Bluetooth and Zigbee are among the most popular PAN (Personal Area Network) technologies available for short-range wireless networking.
Zigbee was initially developed for home automation applications, but it is now increasingly being used for industrial applications. The purpose behind the development of Bluetooth was to enable wireless communication between digital devices.
Both Bluetooth and Zigbee continuously compete, especially in the smart home market. In this article, we will discuss the differences between these two protocols.
Zigbee vs. Bluetooth
For as long as technology has been around, Bluetooth and Zigbee protocols have been among the most widely used technologies in wireless communication. It is not an unknown fact that they play big roles in the home automation and IoT industries.
Zigbee Alliance is the organization responsible for creating Zigbee technology, which was launched all the way back in the early 90s. In 2003, the Zigbee protocol had been established as the industry’s standard, and in 2006, it went through revision. In May 2021, the Zigbee Alliance rebranded and renamed itself to Connectivity Standard Alliance. There has since been moves by this organization to establish a unified smart home protocol called Matter.
The idea behind Bluetooth was the development of short-link radio technology for wireless headsets. In 1997, a team of engineers from Ericsson came up with a short-link radio networking solution, and it was named “Bluetooth” shortly after. In May 1998, the Bluetooth SIG (Special Interest Group) was founded. Then, the Bluetooth specifications were officially announced on May 20, 1998. Today, there are two types of Bluetooth protocols available: Bluetooth Classic and Bluetooth Low Energy.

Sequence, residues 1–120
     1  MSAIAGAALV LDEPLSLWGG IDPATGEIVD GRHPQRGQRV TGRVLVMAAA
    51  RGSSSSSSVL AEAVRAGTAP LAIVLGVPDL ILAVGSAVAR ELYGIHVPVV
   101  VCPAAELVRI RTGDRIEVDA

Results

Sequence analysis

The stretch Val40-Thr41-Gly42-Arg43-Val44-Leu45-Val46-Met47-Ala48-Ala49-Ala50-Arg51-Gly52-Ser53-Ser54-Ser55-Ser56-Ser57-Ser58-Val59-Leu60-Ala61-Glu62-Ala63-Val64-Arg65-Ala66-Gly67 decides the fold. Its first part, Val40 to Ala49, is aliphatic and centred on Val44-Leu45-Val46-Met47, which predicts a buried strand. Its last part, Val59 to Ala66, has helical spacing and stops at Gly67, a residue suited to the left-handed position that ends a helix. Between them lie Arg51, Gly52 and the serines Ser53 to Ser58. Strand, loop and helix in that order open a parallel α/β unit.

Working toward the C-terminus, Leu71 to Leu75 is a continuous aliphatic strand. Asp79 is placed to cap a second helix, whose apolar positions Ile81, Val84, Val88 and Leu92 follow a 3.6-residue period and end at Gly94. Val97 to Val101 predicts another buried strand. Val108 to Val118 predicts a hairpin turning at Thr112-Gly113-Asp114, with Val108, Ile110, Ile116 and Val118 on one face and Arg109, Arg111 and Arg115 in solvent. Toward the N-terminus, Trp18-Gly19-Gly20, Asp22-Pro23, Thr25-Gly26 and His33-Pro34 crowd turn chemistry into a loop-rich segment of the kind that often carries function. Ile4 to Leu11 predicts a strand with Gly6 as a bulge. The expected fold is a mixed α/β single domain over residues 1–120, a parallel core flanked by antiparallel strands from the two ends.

Bluetooth operates between the range of 2.402 and 2.480 GHz. Zigbee, on the other hand, operates within a frequency range that is purely affected by your location. For instance, Zigbee's global frequency range is between 2400.0 and 2438.5 MHz. In the EU, its frequency range is between 868.0 to 868.5 MHz, and in North America, it is between 902 to 928 MHz.
Both Zigbee and Bluetooth require low bandwidths, but Zigbee takes more bandwidth than Bluetooth most of the time. In a standard Bluetooth network, each channel operates within a bandwidth of 1 MHz. At the same time, each channel in a Zigbee network uses 2 MHz of bandwidth. Moreover, Zigbee operates with 16 RF channels, and Bluetooth works with 79 RF channels.
Designed to support mesh, tree, and star topologies, Zigbee dominates Bluetooth in this department. Each Zigbee network can have over 65,000 nodes, making it easy to create point-to-point or point-to-multipoint networks.
It is possible to create a mesh network with the latest Bluetooth version. However, this perk is only limited to capable Bluetooth mesh devices. As of right now, we have limited Bluetooth (LE) compliant home automation products available. In a mesh configuration, one Bluetooth network can accommodate 32,767 nodes.
The primary function of both Bluetooth and Zigbee is to act as a medium that allows short-range communication over a secure, wireless network. For indoor applications, Zigbee offers a range between 75 to 100 meters.
In contrast, Bluetooth radio signal range cannot exceed 10 meters. So, Zigbee's range is approximately ten times the communication range of Bluetooth.
The average indoor range of Zigbee devices can reach up to 300 meters if deployed in a line of sight. Penetration is another crucial factor that influences the range of any wireless network. Signal strength can be depleted due to thick walls. In terms of penetration, Zigbee outperforms Bluetooth.
By adding routers to external Zigbee compliant antennas, you can enhance the range of your network. However, no such provision is available for Bluetooth networks. Constructing a Bluetooth mesh network with typical home automation products in complex applications doesn't seem viable. However, a Bluetooth mesh network will work fine in large halls without any restrictions between the devices.
In this department, Bluetooth outperforms Zigbee. Both types of Bluetooth offer a transmission rate between 1 Mb/s to 3 Mb/s. Bluetooth LE can operate with data rates within the range of 125 Kb/s to 2 Mb/s.